3 Harmful Relationship Issues that Leave Physicians Vulnerable to Financial Infidelity

financial infidelity
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Relationships move at the speed of trust.  If you don’t trust your partner at a deep, visceral level, your relationship is at risk.  It’s easier than you think to experience financial infidelity in your relationship.

Having done financial coaching for many years, I have definitely seen a lot of cases of what we call financial infidelity.  It’s incredibly damaging to the trust in a relationship.

In many ways, the hurt and guilt associated with financial infidelity mirror the feelings you have when you learn that your spouse has had an affair.  It’s destructive to your trust and it can take years to build that trust back.

What is financial infidelity?

Financial infidelity means any situation when someone does something with money that is directly counter to the wishes of their spouse or does it without their spouse’s knowledge.  

This can range from a few dollars to tens of thousands of dollars.  The dollar amount of the act isn’t the damaging part, it’s the betrayal that one feels.  Whether it’s $100 or $100,000, you still feel like someone cheated on you. 

Here are some concrete examples of financial infidelity:

  • Opening up a credit card without your spouse’s knowledge and using it for personal purchases.
  • Engaging in online gambling surreptitiously.
  • Buying an item on Amazon and shipping it to your office so your spouse doesn’t know you bought it.
  • Purchasing something big “for the family” without consulting your spouse first to learn their feelings about it.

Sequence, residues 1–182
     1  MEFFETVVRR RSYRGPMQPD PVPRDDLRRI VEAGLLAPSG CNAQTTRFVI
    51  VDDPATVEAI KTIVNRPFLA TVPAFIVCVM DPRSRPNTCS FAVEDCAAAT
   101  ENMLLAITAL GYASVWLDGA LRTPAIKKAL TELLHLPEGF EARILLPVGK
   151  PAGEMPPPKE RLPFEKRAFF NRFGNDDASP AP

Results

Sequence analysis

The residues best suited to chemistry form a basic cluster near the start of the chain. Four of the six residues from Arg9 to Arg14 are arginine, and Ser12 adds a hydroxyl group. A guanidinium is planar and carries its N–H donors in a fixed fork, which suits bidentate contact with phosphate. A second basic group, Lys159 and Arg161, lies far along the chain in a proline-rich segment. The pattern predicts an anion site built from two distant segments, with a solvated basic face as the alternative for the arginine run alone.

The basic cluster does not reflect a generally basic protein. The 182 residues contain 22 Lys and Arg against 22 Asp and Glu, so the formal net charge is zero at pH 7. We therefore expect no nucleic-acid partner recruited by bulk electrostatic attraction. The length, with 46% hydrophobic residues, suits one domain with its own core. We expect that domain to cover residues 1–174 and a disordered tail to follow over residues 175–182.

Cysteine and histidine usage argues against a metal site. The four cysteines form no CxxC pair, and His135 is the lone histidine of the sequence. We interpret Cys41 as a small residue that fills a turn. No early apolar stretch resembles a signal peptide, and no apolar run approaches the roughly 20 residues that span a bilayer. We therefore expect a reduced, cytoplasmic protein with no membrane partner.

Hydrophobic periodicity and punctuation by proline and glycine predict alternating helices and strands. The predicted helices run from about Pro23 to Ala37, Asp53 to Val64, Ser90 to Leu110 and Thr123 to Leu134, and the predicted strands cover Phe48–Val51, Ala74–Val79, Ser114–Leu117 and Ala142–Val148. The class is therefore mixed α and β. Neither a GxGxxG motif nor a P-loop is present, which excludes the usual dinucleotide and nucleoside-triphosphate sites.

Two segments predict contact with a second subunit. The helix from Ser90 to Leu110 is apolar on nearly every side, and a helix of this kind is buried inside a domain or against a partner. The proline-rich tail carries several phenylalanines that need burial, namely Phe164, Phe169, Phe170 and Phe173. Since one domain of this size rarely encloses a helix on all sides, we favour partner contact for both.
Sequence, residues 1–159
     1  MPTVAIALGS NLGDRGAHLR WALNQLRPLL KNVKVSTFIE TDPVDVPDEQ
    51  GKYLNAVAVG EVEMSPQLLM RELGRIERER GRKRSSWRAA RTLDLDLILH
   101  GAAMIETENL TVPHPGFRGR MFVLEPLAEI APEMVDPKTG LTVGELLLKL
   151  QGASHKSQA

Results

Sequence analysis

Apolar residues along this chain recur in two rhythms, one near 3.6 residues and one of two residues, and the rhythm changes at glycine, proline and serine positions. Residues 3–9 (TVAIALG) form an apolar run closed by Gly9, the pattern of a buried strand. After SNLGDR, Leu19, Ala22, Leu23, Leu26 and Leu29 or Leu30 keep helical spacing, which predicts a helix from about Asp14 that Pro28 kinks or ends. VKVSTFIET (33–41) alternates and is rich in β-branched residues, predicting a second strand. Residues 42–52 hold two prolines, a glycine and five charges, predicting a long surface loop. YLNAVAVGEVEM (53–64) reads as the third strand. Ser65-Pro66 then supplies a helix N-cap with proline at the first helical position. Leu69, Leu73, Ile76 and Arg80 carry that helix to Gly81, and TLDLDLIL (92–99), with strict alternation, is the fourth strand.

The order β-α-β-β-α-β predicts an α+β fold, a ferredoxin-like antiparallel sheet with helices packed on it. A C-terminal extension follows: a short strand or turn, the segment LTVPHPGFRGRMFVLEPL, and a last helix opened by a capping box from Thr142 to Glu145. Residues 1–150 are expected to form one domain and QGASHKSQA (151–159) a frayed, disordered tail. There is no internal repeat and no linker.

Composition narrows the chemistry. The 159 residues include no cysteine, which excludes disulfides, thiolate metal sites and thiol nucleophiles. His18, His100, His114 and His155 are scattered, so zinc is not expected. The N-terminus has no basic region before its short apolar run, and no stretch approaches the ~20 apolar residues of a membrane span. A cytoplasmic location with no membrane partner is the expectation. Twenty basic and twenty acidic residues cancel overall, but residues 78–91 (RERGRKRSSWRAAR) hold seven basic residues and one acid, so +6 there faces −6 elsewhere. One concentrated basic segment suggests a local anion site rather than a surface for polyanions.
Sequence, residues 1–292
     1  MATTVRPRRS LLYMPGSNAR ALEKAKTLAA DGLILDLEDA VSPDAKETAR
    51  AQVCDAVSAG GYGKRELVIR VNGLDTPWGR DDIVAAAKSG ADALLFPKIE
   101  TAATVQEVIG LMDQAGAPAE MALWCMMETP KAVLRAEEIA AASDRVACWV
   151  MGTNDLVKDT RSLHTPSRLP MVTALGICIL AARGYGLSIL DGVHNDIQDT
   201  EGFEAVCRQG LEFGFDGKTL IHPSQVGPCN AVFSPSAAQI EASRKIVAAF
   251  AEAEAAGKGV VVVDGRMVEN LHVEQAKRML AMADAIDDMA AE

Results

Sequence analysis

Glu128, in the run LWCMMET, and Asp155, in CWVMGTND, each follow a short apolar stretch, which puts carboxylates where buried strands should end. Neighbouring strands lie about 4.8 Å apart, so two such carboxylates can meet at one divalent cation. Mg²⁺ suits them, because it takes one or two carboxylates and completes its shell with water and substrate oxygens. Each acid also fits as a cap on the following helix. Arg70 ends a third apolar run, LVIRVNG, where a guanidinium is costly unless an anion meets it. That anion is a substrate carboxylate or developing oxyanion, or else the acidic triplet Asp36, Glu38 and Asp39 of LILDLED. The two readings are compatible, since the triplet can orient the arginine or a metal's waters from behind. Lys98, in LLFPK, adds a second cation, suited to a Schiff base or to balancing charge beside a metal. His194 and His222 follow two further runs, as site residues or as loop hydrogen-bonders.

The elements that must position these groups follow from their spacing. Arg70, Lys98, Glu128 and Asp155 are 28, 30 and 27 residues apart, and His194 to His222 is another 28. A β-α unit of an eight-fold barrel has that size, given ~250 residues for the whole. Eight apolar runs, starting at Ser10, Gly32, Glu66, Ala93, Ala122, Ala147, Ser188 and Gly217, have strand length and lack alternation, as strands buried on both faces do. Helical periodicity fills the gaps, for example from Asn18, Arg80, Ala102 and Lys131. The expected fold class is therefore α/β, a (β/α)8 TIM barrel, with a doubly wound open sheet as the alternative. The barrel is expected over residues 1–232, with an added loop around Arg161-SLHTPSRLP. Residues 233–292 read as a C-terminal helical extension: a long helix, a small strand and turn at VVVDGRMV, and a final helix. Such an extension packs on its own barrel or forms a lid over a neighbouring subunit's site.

• Borrowing on your spouse’s 401(k) without them knowing.

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Why is financial infidelity so damaging?

Whether it’s small like an Amazon purchase or big like an online gambling debt, it’s important to recognize that financial infidelity represents a breach of trust.  That’s the part that most people don’t recognize.

I’ve heard this from couples that I’ve done financial coaching with.  “What’s the big deal?  It’s just a (fill in the blank)!  It only cost $50!  Who cares?”


It’s not about the money!  It’s about trust!  

When you go behind someone’s back to make a purchase, you are telling them that you don’t trust them.  You don’t trust them to agree with your purchase.  And, it says you don’t respect their opinion enough to consider not buying the item if they think it’s a bad idea.  

Financial infidelityThree relationship red flags that can lead to financial infidelity 

I think of this as a three legged stool.  If any of the three legs on the stool is short, your stool will topple over.  All three of these factors MUST be strong or you run the risk of collapse.